Republican Senator John Cornyn from Texas proposed a 72-hour wait period when someone on a watch or no-fly list attempted to purchase a firearm. During that timeframe investigators would need to prove they had ties to terrorism.


Democratic Senator Dianne Feinstein from California proposed an outright ban on handgun sales to anyone on a terrorism watch list.


Both measures failed to pass, but each succeeded in drawing ire from the other side.


A recent gunman was on an FBI terrorism watch list at one point, but had been taken off it following two investigations. He had killed 49 people and wounded 58 more in a nightclub in Orlando, and he legally purchased a long gun and semi-automatic pistol in the 12 days prior to the mass shooting.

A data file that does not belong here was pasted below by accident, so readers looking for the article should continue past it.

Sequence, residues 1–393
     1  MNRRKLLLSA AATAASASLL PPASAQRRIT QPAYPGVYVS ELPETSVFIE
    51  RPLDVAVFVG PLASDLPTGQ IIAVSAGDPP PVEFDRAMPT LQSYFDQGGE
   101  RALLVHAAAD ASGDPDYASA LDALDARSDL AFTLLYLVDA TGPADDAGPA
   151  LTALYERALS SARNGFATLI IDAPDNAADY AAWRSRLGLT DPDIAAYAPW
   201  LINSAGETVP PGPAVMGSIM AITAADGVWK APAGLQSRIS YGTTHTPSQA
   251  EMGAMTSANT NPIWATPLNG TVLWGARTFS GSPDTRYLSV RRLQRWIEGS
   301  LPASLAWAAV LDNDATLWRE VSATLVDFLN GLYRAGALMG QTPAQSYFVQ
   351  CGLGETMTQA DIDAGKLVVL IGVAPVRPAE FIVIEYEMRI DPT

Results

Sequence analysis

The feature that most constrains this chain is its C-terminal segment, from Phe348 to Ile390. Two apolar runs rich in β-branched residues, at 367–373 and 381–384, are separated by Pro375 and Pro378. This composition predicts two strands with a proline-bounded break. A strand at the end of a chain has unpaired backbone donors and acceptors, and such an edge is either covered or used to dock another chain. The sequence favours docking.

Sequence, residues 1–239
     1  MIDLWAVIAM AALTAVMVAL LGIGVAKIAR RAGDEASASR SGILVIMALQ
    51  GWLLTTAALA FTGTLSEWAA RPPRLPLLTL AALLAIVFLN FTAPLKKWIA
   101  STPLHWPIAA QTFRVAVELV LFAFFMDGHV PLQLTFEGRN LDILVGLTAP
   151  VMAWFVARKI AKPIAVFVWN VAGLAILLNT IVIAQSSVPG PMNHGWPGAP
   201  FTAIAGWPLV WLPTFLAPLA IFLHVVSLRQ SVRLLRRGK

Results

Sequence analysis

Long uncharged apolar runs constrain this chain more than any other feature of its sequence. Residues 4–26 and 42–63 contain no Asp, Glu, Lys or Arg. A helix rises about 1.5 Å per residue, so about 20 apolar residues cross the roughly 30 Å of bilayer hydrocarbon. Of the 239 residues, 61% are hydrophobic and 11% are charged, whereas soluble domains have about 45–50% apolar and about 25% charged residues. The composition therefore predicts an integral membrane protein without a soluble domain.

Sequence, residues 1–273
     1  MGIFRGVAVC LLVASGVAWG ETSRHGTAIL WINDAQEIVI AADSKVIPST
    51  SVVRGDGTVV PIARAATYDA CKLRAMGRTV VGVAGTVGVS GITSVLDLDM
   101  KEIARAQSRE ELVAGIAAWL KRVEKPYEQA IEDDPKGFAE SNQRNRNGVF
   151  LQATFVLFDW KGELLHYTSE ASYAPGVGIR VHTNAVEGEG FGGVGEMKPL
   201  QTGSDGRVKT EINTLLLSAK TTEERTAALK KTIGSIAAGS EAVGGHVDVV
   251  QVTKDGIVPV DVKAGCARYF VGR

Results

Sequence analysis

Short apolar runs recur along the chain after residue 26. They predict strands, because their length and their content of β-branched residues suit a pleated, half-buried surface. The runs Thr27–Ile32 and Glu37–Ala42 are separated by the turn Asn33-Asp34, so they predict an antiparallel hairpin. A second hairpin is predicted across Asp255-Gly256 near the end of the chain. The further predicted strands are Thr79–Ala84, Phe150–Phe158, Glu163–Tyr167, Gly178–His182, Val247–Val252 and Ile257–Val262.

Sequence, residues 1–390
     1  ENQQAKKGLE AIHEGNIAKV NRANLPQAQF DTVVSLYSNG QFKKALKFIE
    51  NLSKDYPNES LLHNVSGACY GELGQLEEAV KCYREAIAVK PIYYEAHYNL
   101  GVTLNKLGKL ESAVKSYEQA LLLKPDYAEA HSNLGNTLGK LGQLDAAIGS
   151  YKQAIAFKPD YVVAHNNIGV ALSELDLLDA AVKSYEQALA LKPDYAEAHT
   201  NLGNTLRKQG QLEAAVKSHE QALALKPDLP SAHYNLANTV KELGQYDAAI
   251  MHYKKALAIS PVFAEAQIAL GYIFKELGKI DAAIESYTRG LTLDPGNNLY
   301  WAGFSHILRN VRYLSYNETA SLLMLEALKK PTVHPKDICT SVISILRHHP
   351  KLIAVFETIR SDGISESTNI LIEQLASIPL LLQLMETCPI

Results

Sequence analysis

Similar restrictions have been posed after recent tragedies over the past few years. The Bush Administration in 2007 urged passage of a law that would give the government the ability to block suspected terrorists from firearms sales.


This begs a couple more questions that cannot be objectively answered.


Is there a right way to promote political action in the wake of cultural phenomena and tragedy, and when is it appropriate to push legislation after, before or during conflict?


Do you think handgun sales should be extended to those listed in the terrorism watch list? Let us know in the comments.





gun blog writer jake smith  

About The Author


Jake Smith (@notjakesmith) is a copywriter and photographer based in the pacific northwest. He graduated from the University of Idaho with degrees in public relations and apparel.